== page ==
Recently, a phishing trick involving shortened .gov URLS has become popular in luring even savvy internet users. Email spam is the primary method for distributing short links, and the click rate has been significant, in just five days redirecting over 16,000 victims that fell for a link that appeared to be a CNBC news article talking about some “work from home” scheme, which everyone deep down inside knows is just a scam.
But the fact that the phishers are using several U.S. State government domains to model their malicious shortened URLs after, like Vertmont.gov or some tax service, even people with average intelligence can fall into their trap.
The .gov short URL service is run by the U.S. government, in partnership with bitly.com. It was designed to enable users to submit a long URL to bitly that resides on a .gov or .mil top-level domain. The goal of the service is to make it easier to verify the authenticity of a U.S. government site in a shortened URL. But vulnerabilities with software designed to give website developers the ability to configure a set of custom re-direct values creates an open-redirect vulnerability, which simplifies phishing attacks by bypassing protection mechanisms.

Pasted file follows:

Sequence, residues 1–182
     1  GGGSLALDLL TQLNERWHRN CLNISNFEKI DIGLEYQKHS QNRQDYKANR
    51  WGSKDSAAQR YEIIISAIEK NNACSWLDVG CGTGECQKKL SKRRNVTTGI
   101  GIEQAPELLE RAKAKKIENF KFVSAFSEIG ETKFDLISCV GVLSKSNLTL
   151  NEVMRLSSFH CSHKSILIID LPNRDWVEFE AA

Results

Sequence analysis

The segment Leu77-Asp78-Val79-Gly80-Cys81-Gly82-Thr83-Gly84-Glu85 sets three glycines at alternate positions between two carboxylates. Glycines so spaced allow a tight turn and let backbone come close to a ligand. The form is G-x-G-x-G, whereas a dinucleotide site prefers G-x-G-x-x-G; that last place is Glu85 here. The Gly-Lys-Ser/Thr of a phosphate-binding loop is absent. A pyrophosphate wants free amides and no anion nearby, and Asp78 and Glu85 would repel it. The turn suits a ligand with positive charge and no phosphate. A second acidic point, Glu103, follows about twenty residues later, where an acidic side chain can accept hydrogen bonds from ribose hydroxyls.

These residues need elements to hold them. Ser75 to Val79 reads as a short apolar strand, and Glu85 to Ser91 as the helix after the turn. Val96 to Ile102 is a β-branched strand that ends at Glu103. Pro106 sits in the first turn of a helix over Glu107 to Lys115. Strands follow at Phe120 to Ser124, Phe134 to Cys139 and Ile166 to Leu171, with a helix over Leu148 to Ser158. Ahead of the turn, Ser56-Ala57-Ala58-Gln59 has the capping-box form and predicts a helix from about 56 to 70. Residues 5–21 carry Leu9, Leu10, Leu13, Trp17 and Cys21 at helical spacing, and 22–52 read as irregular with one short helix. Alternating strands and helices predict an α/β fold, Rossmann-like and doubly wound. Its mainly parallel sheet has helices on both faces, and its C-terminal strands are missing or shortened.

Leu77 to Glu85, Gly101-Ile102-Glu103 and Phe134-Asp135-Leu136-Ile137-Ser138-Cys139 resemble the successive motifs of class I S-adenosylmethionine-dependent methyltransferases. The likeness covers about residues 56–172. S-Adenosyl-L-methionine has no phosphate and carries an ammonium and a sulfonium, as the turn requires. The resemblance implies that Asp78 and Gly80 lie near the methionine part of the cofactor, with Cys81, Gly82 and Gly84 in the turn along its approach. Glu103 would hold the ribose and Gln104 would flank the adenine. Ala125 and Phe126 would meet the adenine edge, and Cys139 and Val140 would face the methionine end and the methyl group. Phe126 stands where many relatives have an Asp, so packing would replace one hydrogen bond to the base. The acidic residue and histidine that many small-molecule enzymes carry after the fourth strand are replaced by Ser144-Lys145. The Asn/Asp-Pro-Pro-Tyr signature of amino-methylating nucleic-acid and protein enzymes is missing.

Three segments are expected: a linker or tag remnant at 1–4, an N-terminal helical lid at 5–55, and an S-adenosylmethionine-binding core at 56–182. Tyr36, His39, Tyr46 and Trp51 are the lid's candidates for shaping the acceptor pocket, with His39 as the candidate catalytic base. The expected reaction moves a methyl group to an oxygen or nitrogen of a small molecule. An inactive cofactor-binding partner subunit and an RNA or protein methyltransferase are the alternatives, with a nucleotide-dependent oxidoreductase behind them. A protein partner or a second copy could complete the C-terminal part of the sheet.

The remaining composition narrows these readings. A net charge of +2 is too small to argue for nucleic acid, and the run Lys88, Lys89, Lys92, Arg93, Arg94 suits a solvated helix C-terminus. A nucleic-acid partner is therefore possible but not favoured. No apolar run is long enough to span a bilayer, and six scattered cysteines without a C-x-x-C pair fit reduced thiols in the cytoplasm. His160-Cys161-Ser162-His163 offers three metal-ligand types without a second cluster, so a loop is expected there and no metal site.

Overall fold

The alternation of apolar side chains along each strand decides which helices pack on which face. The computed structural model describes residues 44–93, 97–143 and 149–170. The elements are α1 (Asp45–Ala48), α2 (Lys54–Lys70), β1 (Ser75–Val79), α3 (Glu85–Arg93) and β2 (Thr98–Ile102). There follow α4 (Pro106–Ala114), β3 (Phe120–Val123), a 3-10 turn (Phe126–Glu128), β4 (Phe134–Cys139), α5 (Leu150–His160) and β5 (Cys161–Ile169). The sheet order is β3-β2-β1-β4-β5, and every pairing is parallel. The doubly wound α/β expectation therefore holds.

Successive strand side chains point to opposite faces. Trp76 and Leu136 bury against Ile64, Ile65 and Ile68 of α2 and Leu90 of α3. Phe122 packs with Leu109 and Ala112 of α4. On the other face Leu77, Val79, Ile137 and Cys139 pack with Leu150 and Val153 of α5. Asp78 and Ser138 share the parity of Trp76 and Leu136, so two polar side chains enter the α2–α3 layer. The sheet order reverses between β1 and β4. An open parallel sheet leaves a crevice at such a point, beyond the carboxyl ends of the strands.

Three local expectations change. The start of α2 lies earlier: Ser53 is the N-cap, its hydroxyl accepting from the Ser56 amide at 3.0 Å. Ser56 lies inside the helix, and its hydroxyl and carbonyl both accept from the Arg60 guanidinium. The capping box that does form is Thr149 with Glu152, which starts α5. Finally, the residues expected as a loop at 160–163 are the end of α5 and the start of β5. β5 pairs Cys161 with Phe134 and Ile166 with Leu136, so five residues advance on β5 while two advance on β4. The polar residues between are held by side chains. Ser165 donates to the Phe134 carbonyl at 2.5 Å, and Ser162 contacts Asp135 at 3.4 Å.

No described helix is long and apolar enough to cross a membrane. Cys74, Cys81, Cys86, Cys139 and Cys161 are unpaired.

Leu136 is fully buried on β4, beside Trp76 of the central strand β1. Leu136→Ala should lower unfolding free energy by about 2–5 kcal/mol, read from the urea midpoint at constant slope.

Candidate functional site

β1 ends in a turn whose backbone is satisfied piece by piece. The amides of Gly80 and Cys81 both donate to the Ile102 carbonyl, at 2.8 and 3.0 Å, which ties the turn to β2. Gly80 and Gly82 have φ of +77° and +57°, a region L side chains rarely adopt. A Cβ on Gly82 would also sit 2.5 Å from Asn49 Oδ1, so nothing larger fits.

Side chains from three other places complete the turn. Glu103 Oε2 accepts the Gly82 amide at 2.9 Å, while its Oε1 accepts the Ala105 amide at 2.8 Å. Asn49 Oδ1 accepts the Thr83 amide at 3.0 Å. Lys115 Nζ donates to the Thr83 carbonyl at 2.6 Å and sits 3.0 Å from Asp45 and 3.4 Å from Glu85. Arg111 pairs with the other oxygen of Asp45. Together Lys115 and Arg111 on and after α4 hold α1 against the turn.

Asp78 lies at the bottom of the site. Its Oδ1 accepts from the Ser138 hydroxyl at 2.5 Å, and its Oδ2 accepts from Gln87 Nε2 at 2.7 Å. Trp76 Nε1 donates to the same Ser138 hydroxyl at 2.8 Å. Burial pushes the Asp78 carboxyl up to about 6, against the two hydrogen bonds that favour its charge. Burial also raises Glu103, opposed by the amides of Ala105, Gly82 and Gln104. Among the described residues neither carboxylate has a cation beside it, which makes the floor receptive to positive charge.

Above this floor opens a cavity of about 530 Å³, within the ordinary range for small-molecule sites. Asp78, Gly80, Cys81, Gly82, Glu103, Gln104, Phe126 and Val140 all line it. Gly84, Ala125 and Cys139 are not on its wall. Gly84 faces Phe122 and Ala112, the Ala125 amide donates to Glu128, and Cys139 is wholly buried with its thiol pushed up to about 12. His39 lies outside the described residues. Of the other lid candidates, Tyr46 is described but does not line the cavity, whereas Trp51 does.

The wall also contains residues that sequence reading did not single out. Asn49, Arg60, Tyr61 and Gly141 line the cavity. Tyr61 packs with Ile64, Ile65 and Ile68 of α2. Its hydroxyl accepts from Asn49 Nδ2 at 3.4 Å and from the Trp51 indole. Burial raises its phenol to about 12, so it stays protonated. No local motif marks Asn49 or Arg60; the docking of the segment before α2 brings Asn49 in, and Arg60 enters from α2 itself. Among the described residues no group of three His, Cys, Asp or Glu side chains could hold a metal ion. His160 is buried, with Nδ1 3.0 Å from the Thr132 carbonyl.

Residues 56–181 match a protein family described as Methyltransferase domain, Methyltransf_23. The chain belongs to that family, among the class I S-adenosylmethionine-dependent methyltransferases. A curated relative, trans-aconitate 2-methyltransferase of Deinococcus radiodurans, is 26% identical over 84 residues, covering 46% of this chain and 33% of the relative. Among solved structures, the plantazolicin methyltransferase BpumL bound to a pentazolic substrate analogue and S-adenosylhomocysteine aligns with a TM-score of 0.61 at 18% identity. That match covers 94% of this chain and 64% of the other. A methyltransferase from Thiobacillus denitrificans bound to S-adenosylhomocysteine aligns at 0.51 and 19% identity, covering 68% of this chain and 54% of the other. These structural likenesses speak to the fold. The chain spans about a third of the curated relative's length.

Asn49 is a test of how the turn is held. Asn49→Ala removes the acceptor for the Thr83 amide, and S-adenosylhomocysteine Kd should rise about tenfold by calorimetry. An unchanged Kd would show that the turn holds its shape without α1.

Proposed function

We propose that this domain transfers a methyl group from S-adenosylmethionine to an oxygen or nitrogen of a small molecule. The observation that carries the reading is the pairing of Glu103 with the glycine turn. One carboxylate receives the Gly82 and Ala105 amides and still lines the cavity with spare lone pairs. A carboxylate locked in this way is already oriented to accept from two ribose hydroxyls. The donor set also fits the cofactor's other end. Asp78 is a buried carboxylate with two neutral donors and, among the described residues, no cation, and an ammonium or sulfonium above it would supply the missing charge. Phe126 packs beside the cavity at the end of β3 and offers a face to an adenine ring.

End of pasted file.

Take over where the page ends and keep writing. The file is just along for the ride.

“Despite the best intentions, 1.usa.gov short links seem to be ineffective at ensuring the ultimate destinations of the URLs are trustworthy government websites.” –Jeff Jarmoc, Dell SecureWorks
Dell traced the IP destination of the malicious servers used in the attack to hosting services in Moscow and InMotion Hosting Inc., based in Los Angeles.